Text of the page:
Friday, 22 May 2015

Delusional Blairites and Kettle`s Tories

Seumas Milne`s evaluation cannot be faulted; the "delusional" Blairites blame Labour`s defeat on the abandonment of "aspiration and middle England", and its "spiteful" proposal to " tax the wealth creators" (The return of the Blairites is the last thing Labour needs,14/05/15). They clearly expect the party to believe that people on above average incomes, from around £30,000 to £60,000, could not bring themselves to vote Labour because, when their incomes miraculously treble, quadruple or more in the future, they would have to pay 5% extra tax on all the money earned over £150,000. Someone appears to be forgetting that the average income in the UK is £25,000 approximately, and that 44% of all adults do not earn sufficiently high wages to pay any income tax at all. 
     Perhaps small business owners, earning two, three or four times the average, did not think having to pay reduced business rates, as Miliband proposed, would benefit them sufficiently, or that Labour going after tax avoiding companies, which undercut smaller rivals` prices,and put many out of business, was sensible policy? There will always be those, of course, who feel having to pay an increased minimum wage is unfair, and that supplementing very low wages from the taxpayers is fine, but would such people vote anything other than Tory anyway? Only if the Labour party adopted such so-called "pro-business" policies like the Tories have done, as ignoring tax avoidance and cutting the staff meant to prevent it, ensuring firms paying less than the legal minimum get off with small fines, doing nothing to prevent the exploitation of tenants by Rachman-like private landlords, and awarding government contracts to firms best known for their inefficiency and dubious tax policies, rather than their competence and ethics, could it attract such votes away from the Tories.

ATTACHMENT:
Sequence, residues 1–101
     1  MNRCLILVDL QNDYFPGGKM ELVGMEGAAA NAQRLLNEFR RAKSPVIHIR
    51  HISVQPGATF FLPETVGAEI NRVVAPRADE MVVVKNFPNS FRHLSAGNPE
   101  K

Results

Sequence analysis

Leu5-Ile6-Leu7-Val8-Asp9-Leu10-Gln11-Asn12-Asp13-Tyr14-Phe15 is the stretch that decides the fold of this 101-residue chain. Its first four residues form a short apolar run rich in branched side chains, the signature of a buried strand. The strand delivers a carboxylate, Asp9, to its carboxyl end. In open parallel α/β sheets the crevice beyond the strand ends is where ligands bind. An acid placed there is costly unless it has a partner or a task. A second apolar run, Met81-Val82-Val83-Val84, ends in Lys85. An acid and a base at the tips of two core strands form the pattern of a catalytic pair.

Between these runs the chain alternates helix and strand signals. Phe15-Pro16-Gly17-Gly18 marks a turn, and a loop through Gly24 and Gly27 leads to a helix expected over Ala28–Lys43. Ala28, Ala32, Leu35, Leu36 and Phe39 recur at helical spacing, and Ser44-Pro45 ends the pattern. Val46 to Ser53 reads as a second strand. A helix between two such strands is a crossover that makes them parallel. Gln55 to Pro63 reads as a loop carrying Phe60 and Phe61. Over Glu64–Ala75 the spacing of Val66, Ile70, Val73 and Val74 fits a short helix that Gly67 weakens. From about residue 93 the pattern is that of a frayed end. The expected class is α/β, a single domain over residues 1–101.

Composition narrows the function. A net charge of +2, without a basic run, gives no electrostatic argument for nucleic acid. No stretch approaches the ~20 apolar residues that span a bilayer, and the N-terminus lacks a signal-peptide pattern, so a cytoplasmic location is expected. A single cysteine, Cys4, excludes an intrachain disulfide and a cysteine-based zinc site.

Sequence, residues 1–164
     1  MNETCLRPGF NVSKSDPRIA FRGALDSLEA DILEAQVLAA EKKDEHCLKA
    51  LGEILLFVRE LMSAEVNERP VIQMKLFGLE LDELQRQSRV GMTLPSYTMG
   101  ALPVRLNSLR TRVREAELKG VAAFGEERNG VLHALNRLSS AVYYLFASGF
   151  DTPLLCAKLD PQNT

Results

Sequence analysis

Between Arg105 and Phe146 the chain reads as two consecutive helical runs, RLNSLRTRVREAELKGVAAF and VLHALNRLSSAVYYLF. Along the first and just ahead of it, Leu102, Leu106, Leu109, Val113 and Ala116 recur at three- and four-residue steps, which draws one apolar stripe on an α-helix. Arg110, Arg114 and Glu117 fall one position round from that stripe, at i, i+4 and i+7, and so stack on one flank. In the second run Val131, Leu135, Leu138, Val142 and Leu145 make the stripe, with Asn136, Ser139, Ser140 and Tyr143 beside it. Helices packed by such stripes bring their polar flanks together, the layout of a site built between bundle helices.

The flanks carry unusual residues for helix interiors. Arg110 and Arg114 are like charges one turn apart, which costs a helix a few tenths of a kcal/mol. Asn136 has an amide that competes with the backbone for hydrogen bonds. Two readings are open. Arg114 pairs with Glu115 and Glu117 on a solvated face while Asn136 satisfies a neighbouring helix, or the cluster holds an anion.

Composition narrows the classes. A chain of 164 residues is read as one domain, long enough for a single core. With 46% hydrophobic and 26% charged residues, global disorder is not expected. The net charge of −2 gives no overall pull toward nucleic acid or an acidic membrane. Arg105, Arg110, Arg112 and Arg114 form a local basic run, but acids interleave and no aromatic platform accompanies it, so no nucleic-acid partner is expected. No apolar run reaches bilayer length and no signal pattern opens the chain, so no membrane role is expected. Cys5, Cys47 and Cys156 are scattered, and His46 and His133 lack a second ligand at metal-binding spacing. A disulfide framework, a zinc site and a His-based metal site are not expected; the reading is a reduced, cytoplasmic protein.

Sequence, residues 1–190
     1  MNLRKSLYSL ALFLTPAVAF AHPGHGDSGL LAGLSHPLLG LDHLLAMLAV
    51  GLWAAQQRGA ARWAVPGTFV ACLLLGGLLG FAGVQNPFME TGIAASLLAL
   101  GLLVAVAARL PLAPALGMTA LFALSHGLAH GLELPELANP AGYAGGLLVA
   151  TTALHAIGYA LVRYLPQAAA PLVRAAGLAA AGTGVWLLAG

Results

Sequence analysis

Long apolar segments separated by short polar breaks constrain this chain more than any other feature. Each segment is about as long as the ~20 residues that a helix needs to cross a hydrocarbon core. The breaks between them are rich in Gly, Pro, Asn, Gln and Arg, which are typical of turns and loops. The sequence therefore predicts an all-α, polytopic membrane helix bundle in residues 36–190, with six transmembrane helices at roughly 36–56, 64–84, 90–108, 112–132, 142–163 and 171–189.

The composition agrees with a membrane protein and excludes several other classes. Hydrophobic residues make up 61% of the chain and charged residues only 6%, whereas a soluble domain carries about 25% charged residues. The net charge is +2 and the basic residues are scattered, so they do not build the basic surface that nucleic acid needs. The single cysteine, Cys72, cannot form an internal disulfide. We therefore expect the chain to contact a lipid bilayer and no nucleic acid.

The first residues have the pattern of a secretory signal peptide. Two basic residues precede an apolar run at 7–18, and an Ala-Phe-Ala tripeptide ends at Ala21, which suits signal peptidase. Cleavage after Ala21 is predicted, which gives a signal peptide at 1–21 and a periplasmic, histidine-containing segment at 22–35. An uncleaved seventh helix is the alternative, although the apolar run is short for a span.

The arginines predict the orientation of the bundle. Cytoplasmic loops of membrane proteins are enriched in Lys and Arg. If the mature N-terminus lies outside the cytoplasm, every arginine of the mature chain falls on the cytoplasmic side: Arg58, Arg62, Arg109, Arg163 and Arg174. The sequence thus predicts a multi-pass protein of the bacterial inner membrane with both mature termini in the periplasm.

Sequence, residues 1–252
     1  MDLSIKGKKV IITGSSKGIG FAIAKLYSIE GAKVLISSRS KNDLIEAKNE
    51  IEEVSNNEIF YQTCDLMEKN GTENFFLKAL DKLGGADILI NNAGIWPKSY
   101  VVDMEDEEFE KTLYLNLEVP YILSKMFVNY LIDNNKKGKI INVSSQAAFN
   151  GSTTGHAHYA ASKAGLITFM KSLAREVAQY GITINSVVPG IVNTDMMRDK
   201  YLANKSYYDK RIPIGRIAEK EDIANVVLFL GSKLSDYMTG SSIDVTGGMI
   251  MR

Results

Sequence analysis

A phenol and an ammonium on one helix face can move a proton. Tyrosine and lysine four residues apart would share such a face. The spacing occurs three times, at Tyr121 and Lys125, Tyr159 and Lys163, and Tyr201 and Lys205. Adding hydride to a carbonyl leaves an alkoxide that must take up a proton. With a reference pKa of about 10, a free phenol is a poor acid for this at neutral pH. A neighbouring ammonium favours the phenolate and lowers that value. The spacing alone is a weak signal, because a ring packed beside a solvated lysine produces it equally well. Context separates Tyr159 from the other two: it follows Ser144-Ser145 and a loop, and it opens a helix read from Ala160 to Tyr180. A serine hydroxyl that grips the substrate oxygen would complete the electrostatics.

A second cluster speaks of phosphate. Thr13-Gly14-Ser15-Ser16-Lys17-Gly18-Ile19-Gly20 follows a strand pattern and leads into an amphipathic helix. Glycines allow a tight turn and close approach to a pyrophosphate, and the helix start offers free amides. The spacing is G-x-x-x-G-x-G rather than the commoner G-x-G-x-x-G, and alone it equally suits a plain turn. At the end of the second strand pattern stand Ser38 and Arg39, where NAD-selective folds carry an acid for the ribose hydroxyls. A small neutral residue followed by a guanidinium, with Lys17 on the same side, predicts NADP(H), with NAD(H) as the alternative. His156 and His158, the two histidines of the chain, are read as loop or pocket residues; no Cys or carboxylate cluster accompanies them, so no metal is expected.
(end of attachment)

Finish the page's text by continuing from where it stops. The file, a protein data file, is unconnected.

Labour did nor haemorrhage votes to Ukip, and the more radical SNP and Green parties, because its policies were too far to the left, and Labour clearly needs a leadership candidate with the bottle to say so.

Maybe I am one who fits Martin Kettle`s description, but is my view of the Tories really "naive"? (The Tories fooled us all. We must study how they did it,15/05/15) Tory voters may, indeed, see their party as "competent and reliable", but didn`t their incompetent economic policy of austerity not only delay any economic recovery by at least three years, but also fail to meet targets they set themselves on deficit reduction, whilst breaking electoral promises on VAT, and NHS topdown reorganisation? "Realistic" suggests knowing what is actually possible, but pledges to take government spending to levels last seen in the 1930s would entail returning, in effect, to a 19th century system of laissez-faire.
    "Prudent" would appear inaccurate, in view of the £375bn created by quantitative easing and given to the banks, whilst "generous" can only be viewed as precise when thinking of tax reductions for the very rich. "Tolerant" is certainly true when applied to tax avoidance and evasion, and "decent" is not the epithet that springs immediately to mind when thinking of the "bedroom tax" and welfare cuts for the most vulnerable. As for the Tories being "patriotic", many would consider this suitable but only as long as it applied to England rather than the UK.
     As Kettle says, none of these qualities are "objectionable"; the trouble is they do not accurately describe the Tory party. By all means ask "why the Tories succeeded", but answers might still go back to the opposition`s campaign.

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